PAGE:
Abuse Doesn’t Sell
One very good reason that the Shriner's exotic animal acts are priced
so low is that animal abuse just doesn't sell like it used to.
Today's kids are far better informed about the miserable lives led by
captive tigers and elephants and they don't want to see it. In fact,
they spend hundreds of hours building their own shows, video shows
about the abuses involved in circus acts, pseudo sanctuariers (where
animals are bred, sold and traded) and a myriad of other awful
situations that people took for granted as being their God given right
to inflict just a generation ago.
If you visit ChatBigCats.com you will meet a lot of these kids, and
their parents that they often times have enlightened, doing all they
can to end circus acts and other abuses that use exotic animals for
For the cats,
Carole Baskin, CEO of Big Cat Rescue
an Educational Sanctuary home
to more than 100 big cats
12802 Easy Street Tampa, FL 33625
813.493.4564 fax 885.4457
Sign our petition to protect tigers from being farmed here:
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The author's email is firstname.lastname@example.org
The Shriners' national HQ is in Tampa, and their PR department
contact info is: email@example.com, tel 813-281-8162
I found a website for the Shrine Circus (http://www.shrinecircus.com)
but I think it's just an information page — it sounds like there are
multiple Shrine Circuses that benefit local Shriners?
By Kellie B. Gormly
Thursday, April 3, 2008
This weekend, tigers will leap, trapeze artists will fly through the
air, motorcycles will do 360s in spherical cages, acrobats will
perform daredevil stunts and goofy clowns will entertain during
several Shrine Circus performances at the Mellon Arena.
With the Shrine Circus, you get it all — whether you're a child,
adult or grandparent, there is something you'll love, says Paul Levy,
the Pittsburgh chairman and promoter for the Shrine Circus, which
plays Friday through Sunday.
"It still continues to be the least-expensive family show that comes
into Mellon Arena," Leavy says.
The features and acts in this year's Shrine Circus include three
elephants that do tricks; Rocky the Boxing Kangaroo; dogs that catch
and return Frisbees; and the famous "Grandma the Clown," a celebrity
goofball from the Big Apple Circus. The other Shrine Circus clowns
perform numerous high jinks, including a trampoline act. The
Incredible Hulk also will make an appearance at the circus.
One of the circus' most popular acts features five "Terrific Tigers"
from the Big Cat Habitat and Gulf Coast Sanctuary in Sarasota, Fla.
Clayton Rosaire — whose family owns the sanctuary that has 33 tigers
and lions, plus other wild animals like bears and monkeys — leads
the circus' tiger act, which is set to the theme song from "The Pink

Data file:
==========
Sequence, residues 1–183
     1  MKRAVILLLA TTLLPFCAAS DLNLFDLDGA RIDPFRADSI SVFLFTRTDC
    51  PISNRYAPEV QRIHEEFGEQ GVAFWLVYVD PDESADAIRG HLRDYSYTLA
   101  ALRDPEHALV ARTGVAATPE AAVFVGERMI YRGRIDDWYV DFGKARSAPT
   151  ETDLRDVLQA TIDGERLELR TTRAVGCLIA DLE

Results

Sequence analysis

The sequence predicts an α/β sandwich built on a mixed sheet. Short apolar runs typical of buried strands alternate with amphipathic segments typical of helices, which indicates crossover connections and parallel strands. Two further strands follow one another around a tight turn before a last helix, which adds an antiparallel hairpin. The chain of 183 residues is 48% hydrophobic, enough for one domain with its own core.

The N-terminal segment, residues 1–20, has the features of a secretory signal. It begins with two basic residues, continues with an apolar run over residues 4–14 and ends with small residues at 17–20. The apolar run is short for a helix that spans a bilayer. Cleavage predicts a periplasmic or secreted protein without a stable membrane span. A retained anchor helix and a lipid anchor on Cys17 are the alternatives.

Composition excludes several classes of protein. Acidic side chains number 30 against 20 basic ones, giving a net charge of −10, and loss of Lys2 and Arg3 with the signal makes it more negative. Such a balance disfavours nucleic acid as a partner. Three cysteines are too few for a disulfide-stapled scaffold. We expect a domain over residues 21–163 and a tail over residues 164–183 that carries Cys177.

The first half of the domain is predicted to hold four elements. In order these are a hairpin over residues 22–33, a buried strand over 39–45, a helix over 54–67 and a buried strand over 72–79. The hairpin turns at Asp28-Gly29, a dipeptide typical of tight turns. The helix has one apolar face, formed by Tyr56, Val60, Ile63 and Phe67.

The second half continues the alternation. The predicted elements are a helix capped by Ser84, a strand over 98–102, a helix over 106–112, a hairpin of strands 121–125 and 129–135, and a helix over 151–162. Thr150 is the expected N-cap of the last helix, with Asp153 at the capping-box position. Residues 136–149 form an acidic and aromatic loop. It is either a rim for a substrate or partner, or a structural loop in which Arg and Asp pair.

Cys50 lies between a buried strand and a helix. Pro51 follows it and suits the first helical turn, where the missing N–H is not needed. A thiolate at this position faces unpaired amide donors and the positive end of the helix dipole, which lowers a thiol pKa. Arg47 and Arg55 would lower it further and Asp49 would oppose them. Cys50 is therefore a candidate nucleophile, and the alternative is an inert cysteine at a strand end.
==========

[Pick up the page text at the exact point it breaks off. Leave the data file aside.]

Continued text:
The tiger troupe includes the colossal, 750-pounder named Conan, whom
Rosaire calls the comic relief of the group. Conan is known for his
funny facial expressions and other entertaining body movements and
interactions with his trainer, like hitting Rosaire with his tail.
"He's a one in a million … and a great guy," Rosaire says of Conan,
who he calls a "big Baby Huey."
Rosaire's tigers do all kinds of movements in their ring to entertain
the audience. Yet, everything they do is natural behavior for the
tigers, he says.
"The only difference is we train them to do it in a routine
sequence," Rosaire says.
The big cats, he says, learn to perform based on positive
reinforcement and rewards, with things like food and praise, says
Rosaire, a ninth-generation family worker with exotic animals. He
often gives the tigers shish-kebab meat for a reward during circus
"You have to make it fun, and you have to make it interesting,"
Rosaire says. "You really have to watch the cats and read them and
teach them accordingly."
After a lifetime of working with these exotic cats, Rosaire, an only
child, calls the felines "the brothers and sisters I never had."
Although the tigers are wild predators by nature, Rosaire says he has
such a warm and close relationship with them that he is as
comfortable around tigers as people are around their pet housecats.
Audience enthusiasm means a lot to the tigers, who can sense when
people are excited, and feed off of that, Rosaire says.
"That's why we like doing these shows," he says. "Sometimes, people
forget how beautiful these animals really are, and how majestic they
Kellie B. Gormly can be reached at firstname.lastname@example.org or 412-320-
When: 11 a.m. and 7 p.m. Friday; 10:30 a.m., 2:30 and 7 p.m.
Saturday; 1 p.m. Sunday
Admission: Most seats for the Friday evening performance are $10. For
the other shows, tickets are $13-$19. Giant Eagle Family Fun Packs —
with four tickets, four hot dogs and four drinks — are available for
Where: Mellon Arena, Uptown